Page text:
This is puppy peddler's dog invented in the late 1960s, at about the same time that the Bichon was being trotted out as distinct from the Maltese.
Note that the breed history here follows the basic structure of most nonsense canine histories:
- A specific location of creation, preferably exotic (Madagascar!);
- An ancient "possible" provenance (somewhere back there in a 200-year span of time);
- A big dollop of romance (Pirates!)
- A weak claim for work (any dog can rat and rabbit);
- A very recent date of Kennel Club registration (early-1970s);
- A named person or two who "discovered" the dog (and who put together all of this nonsense "history");
- A bit of ancillary garbage to give the illusion of granular detail;
- A putative claim that the dog is descended from some other dog lost in the mists of time (in this case a "Tenerife Terrier").
The Wikipedia entry (no, I am not making this up):
The Coton de Tulear developed on the island of Madagascar and is still the island's national dog. It is believed that the tenerife dog was brought to Madagascar, and mated with a dog of the island, and created unexpected twist. The Coton's ancestors were possibly brought to Madagascar in the 16th and 17th centuries aboard pirate ships. Madagascar was a haven for pirates, and pirate graveyards can still be seen there. Pirates established a base on St. Mary's Island, Madagascar and some of them took Malagasy wives. Whether the dogs were brought along to control rats on the ships, as companions for long voyages, or were confiscated from other ships as booty no one knows. Tulear is a port now also known as "Toliara". The Coton is of the Bichon dog type, linked most closely to the "Bichon Tenerife", and Tenerife Terrier. There have been many stories circulating about the history of the Coton in recent years. Most of them are untrue. The Coton de Tulear was never feral on Madagascar. It did not hunt wild boar or alligators, as its size, strength, and demeanor can disprove easily. It was a companion dog of the Merina (the ruling tribe) in Madagascar. It has very little prey drive, and is not a hunting dog.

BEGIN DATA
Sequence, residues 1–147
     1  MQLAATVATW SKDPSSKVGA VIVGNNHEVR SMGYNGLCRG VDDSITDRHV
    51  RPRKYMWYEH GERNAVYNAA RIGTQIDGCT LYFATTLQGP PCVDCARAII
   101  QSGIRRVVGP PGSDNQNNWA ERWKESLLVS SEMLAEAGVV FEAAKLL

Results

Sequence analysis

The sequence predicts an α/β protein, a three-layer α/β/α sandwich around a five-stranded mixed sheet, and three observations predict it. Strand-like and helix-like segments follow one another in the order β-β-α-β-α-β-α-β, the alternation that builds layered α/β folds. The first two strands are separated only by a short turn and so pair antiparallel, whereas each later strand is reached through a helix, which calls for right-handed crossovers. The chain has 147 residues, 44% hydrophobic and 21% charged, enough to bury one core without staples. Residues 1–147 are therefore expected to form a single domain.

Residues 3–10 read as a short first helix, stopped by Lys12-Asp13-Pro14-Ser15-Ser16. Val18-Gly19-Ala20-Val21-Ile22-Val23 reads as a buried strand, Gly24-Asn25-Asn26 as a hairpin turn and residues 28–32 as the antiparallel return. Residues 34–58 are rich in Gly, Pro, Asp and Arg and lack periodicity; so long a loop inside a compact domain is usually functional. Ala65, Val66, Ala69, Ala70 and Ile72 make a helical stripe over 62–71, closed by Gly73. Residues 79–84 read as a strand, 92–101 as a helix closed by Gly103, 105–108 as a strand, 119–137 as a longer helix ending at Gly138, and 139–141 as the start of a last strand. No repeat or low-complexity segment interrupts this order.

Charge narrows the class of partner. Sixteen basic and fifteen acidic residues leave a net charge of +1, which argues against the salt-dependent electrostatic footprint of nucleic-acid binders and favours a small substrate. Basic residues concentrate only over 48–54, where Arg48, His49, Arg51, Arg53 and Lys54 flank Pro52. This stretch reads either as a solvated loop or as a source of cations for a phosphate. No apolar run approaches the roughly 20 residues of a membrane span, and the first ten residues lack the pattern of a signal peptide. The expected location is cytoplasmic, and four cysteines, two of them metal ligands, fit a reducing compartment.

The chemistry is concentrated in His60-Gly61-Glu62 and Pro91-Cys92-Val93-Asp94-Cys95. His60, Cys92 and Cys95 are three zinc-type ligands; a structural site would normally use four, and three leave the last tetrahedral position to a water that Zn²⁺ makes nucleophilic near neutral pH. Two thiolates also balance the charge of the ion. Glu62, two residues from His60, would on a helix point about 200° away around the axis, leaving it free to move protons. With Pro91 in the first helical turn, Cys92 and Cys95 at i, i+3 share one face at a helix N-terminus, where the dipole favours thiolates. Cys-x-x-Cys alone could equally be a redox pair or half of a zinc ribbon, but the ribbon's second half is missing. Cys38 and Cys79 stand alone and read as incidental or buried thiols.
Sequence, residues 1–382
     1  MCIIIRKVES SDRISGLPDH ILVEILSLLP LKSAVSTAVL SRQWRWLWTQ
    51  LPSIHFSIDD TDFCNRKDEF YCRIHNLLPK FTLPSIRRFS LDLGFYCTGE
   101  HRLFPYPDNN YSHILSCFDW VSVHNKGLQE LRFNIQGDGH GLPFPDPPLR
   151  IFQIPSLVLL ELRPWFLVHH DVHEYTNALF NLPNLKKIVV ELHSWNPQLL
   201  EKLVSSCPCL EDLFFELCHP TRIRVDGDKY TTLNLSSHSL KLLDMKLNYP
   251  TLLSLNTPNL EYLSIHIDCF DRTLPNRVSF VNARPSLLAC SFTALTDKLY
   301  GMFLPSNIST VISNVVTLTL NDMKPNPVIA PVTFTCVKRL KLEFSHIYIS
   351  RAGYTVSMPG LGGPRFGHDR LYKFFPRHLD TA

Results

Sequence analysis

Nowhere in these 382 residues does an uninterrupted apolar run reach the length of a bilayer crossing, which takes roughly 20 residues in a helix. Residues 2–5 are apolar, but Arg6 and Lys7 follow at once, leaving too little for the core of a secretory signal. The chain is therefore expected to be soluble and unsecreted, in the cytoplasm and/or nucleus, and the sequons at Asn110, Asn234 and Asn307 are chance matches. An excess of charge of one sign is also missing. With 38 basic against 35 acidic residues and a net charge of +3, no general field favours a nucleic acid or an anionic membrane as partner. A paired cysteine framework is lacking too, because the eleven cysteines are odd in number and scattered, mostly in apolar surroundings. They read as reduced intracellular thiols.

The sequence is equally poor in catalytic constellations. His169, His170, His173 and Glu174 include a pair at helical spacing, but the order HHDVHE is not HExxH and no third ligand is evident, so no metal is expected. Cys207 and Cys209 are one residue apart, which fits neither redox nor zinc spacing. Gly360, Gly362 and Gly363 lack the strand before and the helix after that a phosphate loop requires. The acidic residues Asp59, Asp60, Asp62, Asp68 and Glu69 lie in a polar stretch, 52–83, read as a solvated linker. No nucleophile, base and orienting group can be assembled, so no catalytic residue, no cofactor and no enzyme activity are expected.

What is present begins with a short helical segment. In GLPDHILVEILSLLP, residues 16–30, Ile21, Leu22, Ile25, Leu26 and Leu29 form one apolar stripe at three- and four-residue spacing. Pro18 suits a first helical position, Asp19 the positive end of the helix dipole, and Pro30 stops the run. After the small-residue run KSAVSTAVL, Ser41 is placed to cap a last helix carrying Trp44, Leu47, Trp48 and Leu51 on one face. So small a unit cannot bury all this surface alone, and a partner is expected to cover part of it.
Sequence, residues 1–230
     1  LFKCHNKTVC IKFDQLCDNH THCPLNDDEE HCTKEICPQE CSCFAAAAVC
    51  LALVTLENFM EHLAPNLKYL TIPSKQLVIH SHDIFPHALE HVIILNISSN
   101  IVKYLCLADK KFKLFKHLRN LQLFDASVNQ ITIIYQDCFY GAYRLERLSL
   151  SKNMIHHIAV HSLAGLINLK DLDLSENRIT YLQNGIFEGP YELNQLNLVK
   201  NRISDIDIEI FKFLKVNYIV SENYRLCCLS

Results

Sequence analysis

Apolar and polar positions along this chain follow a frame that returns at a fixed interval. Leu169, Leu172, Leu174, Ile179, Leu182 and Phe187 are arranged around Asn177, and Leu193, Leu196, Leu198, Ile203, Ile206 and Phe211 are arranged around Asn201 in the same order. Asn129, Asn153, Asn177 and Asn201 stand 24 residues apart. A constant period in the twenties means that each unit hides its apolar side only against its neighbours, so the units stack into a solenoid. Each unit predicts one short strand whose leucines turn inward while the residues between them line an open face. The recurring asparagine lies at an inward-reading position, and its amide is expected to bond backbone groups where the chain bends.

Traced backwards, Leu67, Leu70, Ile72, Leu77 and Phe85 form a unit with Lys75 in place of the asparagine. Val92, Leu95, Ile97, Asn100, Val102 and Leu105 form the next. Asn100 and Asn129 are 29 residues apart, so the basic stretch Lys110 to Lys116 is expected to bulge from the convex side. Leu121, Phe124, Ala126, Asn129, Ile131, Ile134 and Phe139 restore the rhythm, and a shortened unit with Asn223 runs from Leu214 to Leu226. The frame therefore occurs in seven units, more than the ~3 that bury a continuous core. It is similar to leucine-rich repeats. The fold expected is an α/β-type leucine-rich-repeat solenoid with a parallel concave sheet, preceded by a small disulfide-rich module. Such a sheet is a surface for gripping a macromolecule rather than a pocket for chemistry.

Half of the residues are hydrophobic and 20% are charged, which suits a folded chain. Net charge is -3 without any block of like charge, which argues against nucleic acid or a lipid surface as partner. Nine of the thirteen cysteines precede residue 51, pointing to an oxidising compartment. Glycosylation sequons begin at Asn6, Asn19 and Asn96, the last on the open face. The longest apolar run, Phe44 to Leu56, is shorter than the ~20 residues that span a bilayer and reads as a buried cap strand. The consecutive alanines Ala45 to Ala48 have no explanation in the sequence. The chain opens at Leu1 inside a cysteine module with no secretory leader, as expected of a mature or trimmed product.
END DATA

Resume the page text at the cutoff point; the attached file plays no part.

The cottony coat may be the result of a single gene mutation. This small, friendly dog caught the fancy of the Malagasy royalty and they were the only people allowed to keep Cotons. When Dr. Robert Jay Russell discovered the breed in Madagascar in 1973 and brought the first ones to America, he coined the phrase the Royal Dog of Madagascar and the name stuck. They were also imported occasionally into France by returning French colonists but were not officially imported to Europe until the 1970s.
The Coton de Tulear was first formally recognised as a breed by the Societe Centrale Canine (the French national kennel club) in 1970, and was accepted by the Fédération Cynologique Internationale, which published the breed standard in 1972.
Of course, this is the "straight" version.
If you want your nonsense and blarney ladled thick with special sauce head over to to "The American Cotton Club" (The Cotton Club, get it??) where they have also added in a shipwreck that has the little dogs swimming through surf to shore!
Right. Marvelous! Full applause!
The American Cotton Club jumps the moon when they go on to write: